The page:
In non-supernaturalist terms, ‘Spirituality’ is merely another name for human nature. Or, in other words, Spirituality refers to the Human Spirit. The higher or positive aspects of human nature are, for many people, symbolized by metaphorical personifications known as gods. ('God' in the monotheistic Abrahamic religions). Another way of putting it is that the gods are fictional representations of these aspects.
What is it? I will list, in non-supernaturalist terms, some of the wide-ranging variety of answers humankind has given to that question:
1. Our highest values – Goodness (the moral and ethical realms). Truth (the objective and scientific realms). Beauty (the subjective and aesthetic realms).
2. Our loftiest ideals – e.g. Love, compassion, mercy, perfection, justice, freedom, creativity, certainty, power, etc.
3. Our peak experiences – e.g. Wonder, awe, mystery, gratitude, uniqueness, oneness, interconnectedness, security, risk-taking, etc.
4. Our areas of ultimate concern – e.g. Self, family, community, nation, humanity, nature, planet, universe, etc.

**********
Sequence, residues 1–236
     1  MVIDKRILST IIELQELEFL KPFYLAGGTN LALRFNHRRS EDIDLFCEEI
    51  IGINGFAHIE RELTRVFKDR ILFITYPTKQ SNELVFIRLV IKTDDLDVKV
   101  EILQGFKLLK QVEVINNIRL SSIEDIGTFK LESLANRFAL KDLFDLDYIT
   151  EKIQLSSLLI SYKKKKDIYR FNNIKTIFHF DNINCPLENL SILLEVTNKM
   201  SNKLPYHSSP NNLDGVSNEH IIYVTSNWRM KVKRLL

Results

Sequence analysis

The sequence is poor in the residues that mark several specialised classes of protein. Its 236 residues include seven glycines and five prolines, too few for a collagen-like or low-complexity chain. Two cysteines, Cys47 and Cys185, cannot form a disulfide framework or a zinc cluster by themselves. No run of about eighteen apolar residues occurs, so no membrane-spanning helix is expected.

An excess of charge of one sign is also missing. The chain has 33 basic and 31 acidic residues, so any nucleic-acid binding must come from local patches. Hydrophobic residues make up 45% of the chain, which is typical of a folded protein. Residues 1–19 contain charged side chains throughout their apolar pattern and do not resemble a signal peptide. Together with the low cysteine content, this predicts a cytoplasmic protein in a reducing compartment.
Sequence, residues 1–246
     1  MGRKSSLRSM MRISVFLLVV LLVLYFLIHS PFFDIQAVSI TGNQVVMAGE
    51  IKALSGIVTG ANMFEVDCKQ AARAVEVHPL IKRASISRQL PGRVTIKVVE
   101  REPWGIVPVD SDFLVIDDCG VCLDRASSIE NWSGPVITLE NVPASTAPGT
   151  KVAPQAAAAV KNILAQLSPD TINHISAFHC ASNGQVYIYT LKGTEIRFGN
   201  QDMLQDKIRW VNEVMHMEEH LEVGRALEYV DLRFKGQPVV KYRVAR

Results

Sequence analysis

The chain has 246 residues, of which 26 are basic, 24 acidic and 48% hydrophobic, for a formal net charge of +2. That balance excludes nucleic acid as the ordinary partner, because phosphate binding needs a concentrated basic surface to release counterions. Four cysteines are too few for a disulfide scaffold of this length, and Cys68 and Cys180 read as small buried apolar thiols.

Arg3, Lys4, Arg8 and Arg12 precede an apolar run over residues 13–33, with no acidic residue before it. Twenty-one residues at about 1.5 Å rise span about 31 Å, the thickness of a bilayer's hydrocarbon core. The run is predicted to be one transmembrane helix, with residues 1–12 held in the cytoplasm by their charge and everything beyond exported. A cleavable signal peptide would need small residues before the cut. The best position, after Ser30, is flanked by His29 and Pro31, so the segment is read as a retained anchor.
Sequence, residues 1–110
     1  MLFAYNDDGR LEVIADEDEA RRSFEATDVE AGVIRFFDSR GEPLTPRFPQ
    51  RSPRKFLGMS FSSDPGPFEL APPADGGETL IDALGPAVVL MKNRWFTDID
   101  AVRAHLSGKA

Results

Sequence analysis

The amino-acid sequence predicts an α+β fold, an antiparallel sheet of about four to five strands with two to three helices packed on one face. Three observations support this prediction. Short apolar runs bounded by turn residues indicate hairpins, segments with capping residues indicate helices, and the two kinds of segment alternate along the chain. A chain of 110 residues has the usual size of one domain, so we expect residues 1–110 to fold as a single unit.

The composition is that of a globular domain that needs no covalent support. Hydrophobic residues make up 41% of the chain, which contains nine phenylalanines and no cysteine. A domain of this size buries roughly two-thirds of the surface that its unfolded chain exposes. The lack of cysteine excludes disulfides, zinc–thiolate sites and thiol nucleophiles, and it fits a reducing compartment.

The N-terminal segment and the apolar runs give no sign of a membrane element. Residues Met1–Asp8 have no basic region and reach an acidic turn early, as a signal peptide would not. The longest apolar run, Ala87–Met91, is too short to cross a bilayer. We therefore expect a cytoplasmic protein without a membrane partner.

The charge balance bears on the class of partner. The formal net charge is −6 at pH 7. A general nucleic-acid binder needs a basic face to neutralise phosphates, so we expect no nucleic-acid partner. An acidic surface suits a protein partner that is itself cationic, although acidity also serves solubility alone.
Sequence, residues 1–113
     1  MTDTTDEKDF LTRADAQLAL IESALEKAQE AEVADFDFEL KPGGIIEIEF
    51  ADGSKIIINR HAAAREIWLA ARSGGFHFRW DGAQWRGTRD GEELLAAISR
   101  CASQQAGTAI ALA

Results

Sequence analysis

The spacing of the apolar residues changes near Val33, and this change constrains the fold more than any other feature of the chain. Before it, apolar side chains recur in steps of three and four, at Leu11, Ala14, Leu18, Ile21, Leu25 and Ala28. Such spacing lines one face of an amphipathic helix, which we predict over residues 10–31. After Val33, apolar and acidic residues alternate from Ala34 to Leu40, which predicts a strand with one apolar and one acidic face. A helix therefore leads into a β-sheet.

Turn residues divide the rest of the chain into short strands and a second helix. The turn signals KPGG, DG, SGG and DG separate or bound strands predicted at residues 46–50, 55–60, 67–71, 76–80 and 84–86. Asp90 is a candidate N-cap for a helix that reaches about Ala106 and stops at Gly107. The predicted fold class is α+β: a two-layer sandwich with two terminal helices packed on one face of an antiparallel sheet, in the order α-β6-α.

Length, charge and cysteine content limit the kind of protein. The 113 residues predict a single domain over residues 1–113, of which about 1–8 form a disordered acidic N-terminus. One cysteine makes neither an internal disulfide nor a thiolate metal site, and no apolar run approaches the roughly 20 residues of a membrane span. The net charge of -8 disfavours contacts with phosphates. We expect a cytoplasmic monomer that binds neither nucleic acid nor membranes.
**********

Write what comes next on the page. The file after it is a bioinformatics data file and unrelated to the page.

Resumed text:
What could constitute a non-supernaturalist religion? Here are some of the usual requirements:
First, the veneration, reverence, honouring and upholding of the positive aspects of our spirituality. Second is the apprehension and realization of these aspects; in simpler words, getting to know and understand them. Third is the manifestation and actualization of these aspects; in simpler words, bringing them into being in our world, both in ourselves as well as in others.
We must, however, take into account all our values, all our ideals, all our experiences and all our concerns. Even low values, mundane ideals, devastating experiences, base concerns, as well as vile impulses and crass desires, etc. Within the Abrahamic religions, most of the latter are labelled as ‘Demonic’. These religions use the Demonic as a metaphorical personification of humanity’s lower or negative aspects.
In non-supernaturalist terms, 'Spirituality' is merely another name for human nature.
David Miller, Philosophy Forum, Sunday 5th May 2013.